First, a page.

tatumsfunkychicken Thu 16-Jul-15 07:37:34

Sleep training is needed... But there are loads of approaches so it's not a case of leaving him to it. I got to 9 months EBF and was completely broken by lack of sleep. I too phoned HV and made a plan. I stopped bf. At 10 months I started gradual retreat. By 11 months Ds was sleeping through. It was bloody hard work but now I know he can sleep independently. He is 18 months now- he is never going to be a great sleeper, there are still nights he is up for whatever reason but he can and does sleep some of the time.

It's a horrible position to be in but you will get through this. Good luck with sleep specialist, remember babies can and will adjust quickly even if it's tough. flowers

jessplussomeonenew Thu 16-Jul-15 07:39:38

My nearly 11 month old also wakes every hour or two, pretty much always has. I don't think techniques which basically rely on the baby giving up on you giving the comfort he wants are a good idea for us. We have a very determined baby and I want to nurture his determination rather than get into a battle of wills! A bit of a protest as he's put down doesn't worry me, but I don't let him get distressed.

What's working for us at the moment is doing shifts in the night so we each get a 3-4 hour stretch of uninterrupted sleep. Plus he's much more willing to fall asleep with cuddling rather than feeding if I'm not in the room and he can't smell the milk. So shifts definitely makes it more manageable now and is hopefully getting him used to not feeding to sleep. I've heard lots of people say that sleep gets better around 11-13 months without crying training,so I live in hope!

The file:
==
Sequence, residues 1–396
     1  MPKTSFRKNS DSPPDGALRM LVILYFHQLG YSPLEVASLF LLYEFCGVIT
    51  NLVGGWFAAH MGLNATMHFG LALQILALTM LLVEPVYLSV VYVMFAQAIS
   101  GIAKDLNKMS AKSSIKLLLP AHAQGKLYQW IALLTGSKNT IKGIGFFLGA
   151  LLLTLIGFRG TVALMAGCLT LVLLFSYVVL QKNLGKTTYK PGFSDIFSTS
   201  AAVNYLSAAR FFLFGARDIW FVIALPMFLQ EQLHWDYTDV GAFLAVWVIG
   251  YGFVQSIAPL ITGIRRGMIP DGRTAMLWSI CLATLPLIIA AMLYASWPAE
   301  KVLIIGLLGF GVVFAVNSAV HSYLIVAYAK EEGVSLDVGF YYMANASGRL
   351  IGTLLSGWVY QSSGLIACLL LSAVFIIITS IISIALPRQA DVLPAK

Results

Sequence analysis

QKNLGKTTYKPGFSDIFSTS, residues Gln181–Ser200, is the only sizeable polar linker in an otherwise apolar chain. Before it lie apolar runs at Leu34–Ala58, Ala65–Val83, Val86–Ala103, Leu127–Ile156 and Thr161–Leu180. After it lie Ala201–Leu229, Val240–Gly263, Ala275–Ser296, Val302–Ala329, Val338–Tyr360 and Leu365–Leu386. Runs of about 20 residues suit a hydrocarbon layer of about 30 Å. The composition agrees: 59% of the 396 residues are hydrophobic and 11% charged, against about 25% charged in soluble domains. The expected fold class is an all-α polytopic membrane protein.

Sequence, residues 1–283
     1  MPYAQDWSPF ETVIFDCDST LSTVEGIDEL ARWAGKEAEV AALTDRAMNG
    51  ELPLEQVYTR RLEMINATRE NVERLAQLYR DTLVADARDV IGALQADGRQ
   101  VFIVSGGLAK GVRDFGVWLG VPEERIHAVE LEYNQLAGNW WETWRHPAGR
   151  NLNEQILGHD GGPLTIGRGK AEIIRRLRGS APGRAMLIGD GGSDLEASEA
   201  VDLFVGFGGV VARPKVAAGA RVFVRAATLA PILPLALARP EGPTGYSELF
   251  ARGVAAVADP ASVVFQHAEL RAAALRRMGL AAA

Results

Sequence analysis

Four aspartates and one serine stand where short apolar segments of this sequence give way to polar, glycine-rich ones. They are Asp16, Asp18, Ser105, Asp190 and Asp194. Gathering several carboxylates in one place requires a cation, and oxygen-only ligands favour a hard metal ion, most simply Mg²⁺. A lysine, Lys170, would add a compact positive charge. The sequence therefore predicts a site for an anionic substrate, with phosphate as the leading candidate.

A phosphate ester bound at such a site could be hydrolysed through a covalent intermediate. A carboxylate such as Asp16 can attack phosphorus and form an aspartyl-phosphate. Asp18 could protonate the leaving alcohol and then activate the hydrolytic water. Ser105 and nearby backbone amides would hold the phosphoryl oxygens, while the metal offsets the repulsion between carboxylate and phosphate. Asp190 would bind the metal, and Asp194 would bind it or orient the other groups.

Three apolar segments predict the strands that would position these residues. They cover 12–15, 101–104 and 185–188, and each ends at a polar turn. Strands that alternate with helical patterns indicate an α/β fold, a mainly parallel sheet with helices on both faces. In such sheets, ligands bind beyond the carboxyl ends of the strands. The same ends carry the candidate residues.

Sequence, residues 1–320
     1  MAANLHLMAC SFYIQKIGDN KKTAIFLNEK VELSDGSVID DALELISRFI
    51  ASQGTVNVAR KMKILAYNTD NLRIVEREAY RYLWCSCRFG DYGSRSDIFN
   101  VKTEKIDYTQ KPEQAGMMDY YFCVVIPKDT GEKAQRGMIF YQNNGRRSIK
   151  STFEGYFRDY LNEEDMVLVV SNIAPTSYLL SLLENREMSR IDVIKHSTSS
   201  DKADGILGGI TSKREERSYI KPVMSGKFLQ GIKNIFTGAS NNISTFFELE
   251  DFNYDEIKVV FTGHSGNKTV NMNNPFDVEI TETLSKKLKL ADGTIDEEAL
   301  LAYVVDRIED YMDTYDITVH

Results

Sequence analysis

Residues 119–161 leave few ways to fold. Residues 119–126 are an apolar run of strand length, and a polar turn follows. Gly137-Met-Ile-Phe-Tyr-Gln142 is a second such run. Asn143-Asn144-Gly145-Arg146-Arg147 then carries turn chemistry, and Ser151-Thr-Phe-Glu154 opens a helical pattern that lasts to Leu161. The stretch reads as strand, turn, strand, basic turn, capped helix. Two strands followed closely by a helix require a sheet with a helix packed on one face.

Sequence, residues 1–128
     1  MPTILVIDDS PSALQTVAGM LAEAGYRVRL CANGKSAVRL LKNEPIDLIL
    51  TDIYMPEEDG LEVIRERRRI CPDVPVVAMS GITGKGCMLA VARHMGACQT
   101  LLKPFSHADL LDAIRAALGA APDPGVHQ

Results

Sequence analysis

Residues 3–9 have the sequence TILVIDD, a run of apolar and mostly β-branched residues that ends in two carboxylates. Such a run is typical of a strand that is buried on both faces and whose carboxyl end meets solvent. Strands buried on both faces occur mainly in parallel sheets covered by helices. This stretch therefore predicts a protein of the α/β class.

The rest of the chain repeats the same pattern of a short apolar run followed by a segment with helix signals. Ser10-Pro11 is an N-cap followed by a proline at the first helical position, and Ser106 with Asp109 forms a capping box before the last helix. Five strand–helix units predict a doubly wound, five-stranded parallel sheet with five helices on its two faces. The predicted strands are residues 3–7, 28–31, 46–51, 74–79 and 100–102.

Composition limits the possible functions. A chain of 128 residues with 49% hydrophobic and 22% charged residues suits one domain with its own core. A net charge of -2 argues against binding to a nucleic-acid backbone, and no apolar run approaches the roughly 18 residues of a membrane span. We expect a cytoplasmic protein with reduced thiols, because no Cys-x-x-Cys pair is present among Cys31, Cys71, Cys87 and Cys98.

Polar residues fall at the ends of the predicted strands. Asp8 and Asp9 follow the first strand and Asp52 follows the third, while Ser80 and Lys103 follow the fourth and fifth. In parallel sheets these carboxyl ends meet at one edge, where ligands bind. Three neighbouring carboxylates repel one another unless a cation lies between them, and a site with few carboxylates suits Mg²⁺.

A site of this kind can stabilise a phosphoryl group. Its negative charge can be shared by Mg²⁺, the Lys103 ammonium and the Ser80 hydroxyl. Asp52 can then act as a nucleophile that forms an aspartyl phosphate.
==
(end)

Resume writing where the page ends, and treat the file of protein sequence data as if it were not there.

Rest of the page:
Oh, and if he doesn't seem sleepy/grizzly in the day, I wouldn't worry if he's not getting what the books call enough - all babies are different.

Salene Fri 17-Jul-15 07:37:46

I don't get any help a lot of the time as my husband works away for a month at a time offshore so it's just me at the moment, he half way through a trip away at present

When he is home, he has tried to settle him at night but it doesn't really work what he does do though is in the morning he would take the baby's way downstairs and do breakfast etc and leave me to have a bit of a lie in for a couple of hours which helps